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This very fine painting shows a princess, most probably from the Oudh royal family, the rulers of Lucknow. The princess wears a tall crown that is typical of that worn in Oudh, as well as ample jewellery. She also wears a see-through shawl around her shoulders. This type of textile was woven in Lucknow.
The ruling family of Oudh (Lucknow) established themselves as independent hereditary rulers during the collapse of Mughal power in the early eighteenth century.
The strategic position of their capital and that of Oudh province prompted the British to use them as a buffer state between their own territories in the east, and the west. However the British used the inevitable intrigue and jockeying in the Oudh court to exert greater and greater influence. By the turn of the nineteenth century they managed to virtually exercise a veto right on the succession. The Nawabs devoted much of their time trying to project the outward signs of their sovereignty and regality, rather than exerting real power. Accordingly, Lucknow became an important centre for court arts.
Wajid ‘Ali Shah was the last Nawab of Oudh. By the mid-nineteenth century, the Nawabs had lost their political and military usefulness to the British, and so the British under Dalhousie, Governor General of the East India Company, annexed the kingdom outright in 1856 on the grounds of internal misrule. It was in Oudh where the first great revolt of Indian Independence started in 1857. Accordingly, there was much British fascination with the Oudh royal family and it is for this reason that images such as this example were produced.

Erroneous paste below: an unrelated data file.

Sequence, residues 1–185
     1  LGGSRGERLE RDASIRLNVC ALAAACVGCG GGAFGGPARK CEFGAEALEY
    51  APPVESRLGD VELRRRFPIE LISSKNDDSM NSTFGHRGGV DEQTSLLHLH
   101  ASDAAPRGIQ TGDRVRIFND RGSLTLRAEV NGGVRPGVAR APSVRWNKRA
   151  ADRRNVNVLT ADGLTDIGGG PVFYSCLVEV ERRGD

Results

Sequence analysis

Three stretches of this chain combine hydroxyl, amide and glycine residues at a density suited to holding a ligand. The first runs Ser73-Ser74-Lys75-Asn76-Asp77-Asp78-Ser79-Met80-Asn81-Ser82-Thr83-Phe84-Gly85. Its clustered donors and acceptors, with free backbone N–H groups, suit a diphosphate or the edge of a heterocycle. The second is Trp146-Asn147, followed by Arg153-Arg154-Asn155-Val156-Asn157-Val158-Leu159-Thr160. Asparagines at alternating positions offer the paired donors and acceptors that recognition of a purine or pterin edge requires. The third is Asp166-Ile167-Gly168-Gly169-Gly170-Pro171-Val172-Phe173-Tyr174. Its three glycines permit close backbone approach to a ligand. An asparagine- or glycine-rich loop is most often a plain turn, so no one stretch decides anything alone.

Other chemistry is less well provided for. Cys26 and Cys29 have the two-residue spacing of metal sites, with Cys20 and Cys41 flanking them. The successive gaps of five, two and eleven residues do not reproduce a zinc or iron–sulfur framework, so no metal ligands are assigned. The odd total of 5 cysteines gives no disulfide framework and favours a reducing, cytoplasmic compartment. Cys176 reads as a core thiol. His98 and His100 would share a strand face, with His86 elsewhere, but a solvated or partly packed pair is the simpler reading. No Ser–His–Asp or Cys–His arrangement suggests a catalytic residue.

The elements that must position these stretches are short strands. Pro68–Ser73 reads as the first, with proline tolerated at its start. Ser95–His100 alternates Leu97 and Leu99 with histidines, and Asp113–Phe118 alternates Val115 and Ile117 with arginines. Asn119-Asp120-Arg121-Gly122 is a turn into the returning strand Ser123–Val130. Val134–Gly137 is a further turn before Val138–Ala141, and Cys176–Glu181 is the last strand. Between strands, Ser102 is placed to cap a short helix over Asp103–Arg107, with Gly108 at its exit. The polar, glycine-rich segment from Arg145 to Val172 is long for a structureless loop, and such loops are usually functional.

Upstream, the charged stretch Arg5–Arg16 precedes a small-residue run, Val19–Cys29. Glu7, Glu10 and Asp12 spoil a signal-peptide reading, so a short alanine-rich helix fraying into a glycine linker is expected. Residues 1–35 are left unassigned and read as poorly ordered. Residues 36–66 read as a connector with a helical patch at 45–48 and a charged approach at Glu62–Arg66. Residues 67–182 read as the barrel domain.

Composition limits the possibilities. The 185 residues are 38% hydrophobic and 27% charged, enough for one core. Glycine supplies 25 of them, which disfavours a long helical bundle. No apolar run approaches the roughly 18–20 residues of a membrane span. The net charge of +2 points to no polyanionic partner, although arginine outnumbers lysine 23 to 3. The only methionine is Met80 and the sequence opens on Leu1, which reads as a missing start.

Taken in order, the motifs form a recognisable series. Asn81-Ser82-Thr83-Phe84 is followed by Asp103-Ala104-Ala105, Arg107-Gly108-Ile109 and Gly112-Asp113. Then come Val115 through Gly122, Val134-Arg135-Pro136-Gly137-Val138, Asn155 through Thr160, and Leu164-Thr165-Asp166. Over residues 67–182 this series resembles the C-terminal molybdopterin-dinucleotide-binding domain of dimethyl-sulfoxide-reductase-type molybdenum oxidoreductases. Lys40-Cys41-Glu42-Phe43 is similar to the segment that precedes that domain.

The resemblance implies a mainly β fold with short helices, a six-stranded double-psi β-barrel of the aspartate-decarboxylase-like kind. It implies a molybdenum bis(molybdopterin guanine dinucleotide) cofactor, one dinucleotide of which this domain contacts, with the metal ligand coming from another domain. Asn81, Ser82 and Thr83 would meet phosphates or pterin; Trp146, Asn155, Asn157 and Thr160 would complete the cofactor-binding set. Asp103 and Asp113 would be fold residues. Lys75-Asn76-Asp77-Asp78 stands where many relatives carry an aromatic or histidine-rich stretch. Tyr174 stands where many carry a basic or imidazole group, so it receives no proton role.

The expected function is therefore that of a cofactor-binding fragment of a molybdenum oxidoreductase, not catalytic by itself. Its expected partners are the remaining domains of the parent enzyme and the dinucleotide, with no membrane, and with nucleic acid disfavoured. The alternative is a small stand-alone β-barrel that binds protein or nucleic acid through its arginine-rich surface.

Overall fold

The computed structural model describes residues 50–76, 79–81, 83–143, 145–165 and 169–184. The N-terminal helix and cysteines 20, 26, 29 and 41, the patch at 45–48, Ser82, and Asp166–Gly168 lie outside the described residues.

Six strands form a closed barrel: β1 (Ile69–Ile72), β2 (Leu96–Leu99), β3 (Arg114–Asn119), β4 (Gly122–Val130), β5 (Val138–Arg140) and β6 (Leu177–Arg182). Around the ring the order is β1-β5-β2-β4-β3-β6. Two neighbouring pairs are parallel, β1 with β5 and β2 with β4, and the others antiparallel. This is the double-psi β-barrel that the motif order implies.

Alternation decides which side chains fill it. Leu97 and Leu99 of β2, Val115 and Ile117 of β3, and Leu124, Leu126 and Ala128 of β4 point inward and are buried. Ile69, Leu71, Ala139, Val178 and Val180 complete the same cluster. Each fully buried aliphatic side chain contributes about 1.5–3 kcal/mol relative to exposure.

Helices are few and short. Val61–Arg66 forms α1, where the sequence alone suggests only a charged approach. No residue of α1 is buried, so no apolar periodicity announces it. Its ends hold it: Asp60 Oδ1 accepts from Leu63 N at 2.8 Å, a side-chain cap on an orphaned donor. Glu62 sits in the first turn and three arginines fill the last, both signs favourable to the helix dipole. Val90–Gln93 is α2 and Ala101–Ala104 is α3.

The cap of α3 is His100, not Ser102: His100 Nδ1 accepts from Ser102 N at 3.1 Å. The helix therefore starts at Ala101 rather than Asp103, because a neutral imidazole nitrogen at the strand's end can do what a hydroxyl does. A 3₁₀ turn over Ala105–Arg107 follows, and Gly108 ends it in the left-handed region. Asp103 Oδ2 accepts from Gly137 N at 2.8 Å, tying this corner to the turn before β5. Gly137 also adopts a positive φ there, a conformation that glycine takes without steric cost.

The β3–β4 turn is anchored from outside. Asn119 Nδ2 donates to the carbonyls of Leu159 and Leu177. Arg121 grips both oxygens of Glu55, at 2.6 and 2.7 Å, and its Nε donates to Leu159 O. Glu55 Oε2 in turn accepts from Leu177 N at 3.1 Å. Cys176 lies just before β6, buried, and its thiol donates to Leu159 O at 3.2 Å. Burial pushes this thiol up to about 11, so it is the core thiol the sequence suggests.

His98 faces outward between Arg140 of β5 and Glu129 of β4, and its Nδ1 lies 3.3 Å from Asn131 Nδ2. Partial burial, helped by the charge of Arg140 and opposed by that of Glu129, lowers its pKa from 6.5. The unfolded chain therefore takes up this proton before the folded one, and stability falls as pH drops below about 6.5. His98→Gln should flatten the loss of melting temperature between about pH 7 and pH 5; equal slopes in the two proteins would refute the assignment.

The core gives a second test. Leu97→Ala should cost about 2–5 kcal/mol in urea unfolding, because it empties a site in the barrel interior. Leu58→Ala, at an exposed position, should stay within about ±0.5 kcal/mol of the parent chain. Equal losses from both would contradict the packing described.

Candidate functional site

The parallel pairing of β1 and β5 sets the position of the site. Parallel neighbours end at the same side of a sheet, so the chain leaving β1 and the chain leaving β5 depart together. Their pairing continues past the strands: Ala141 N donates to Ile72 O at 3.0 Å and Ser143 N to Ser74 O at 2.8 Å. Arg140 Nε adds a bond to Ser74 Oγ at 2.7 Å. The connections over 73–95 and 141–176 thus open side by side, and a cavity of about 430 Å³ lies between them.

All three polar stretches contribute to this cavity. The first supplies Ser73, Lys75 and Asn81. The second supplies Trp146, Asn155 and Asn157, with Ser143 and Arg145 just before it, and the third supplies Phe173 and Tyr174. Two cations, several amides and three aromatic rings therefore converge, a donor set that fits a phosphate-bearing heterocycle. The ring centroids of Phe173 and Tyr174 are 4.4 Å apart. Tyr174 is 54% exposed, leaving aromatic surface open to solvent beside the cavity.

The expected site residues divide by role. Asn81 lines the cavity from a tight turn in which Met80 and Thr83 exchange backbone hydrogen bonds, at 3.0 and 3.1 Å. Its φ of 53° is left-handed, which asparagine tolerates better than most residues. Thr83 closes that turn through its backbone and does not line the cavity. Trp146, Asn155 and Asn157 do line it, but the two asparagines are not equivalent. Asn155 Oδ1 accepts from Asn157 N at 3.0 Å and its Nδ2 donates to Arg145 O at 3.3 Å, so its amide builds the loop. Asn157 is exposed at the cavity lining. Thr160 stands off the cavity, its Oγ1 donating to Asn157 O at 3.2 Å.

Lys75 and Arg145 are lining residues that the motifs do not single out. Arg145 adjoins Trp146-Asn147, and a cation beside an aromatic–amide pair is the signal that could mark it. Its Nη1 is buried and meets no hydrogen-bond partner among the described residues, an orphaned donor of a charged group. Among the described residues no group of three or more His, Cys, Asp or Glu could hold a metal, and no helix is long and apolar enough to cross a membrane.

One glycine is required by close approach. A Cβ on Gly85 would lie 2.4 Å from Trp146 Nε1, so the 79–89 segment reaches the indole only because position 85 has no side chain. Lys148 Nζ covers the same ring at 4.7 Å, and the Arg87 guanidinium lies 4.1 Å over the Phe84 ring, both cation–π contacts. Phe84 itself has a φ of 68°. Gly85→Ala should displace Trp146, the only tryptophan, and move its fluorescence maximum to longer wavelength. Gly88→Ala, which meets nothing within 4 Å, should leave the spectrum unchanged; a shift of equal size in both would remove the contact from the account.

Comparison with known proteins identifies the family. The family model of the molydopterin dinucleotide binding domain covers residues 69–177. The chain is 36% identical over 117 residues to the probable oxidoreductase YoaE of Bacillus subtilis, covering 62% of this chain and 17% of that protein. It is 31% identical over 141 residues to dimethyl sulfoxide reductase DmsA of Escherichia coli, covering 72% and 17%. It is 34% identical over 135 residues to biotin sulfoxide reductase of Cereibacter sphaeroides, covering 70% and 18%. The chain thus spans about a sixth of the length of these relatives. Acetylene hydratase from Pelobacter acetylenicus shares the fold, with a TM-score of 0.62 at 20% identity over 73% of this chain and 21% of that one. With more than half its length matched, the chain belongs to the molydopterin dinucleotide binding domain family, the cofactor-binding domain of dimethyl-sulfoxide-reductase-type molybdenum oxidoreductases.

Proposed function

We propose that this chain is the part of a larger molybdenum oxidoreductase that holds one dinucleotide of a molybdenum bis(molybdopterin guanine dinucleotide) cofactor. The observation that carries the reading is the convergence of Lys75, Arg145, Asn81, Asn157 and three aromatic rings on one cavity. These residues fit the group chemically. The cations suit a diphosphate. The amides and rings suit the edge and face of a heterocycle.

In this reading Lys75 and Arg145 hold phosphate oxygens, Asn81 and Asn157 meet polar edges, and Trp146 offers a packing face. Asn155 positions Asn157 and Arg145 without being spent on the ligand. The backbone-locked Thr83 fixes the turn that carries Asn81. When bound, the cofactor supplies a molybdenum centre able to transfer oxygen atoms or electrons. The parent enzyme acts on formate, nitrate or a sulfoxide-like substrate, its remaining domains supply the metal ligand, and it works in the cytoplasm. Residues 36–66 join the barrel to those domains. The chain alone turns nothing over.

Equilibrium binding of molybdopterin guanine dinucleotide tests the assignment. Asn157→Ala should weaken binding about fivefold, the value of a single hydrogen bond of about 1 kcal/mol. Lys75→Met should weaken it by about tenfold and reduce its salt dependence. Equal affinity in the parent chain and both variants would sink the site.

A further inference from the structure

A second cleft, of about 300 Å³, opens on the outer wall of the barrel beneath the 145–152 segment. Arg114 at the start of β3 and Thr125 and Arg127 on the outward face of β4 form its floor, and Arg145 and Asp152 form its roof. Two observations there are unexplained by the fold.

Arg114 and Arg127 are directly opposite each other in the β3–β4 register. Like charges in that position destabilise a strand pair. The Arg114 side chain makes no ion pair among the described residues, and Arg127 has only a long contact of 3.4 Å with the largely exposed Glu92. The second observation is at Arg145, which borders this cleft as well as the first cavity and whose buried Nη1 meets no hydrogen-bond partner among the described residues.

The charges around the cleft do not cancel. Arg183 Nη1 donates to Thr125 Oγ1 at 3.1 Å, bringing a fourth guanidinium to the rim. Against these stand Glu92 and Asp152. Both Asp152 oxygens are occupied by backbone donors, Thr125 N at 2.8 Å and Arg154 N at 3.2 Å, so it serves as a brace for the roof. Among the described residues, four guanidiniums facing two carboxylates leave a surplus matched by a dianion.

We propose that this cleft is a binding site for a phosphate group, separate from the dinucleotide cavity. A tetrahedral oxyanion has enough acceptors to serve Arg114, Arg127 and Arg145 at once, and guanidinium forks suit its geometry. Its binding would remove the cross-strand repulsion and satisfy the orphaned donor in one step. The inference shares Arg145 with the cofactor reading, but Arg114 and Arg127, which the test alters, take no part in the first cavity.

The painting is in very fine condition. It retains its original mounts and is under the original thin sheet of glass that it had when it was produced.
Bhatt, R., The Life and Times of the Nawabs of Lucknow, Rupa & Co, 2006.
Markel, S. et al, India’s Fabled City: The Art of Courtly Lucknow, LACMA/DelMonico Books, 2010.
Varshney, V.P., Lucknow: The City of Heritage & Culture, Niyogi Books, 2017.